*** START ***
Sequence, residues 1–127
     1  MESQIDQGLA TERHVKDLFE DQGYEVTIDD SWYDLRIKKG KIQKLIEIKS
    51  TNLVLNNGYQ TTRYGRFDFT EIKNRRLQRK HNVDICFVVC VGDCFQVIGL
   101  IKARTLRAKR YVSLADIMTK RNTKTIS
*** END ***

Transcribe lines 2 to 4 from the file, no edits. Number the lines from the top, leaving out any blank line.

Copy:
     1  MESQIDQGLA TERHVKDLFE DQGYEVTIDD SWYDLRIKKG KIQKLIEIKS
    51  TNLVLNNGYQ TTRYGRFDFT EIKNRRLQRK HNVDICFVVC VGDCFQVIGL
   101  IKARTLRAKR YVSLADIMTK RNTKTIS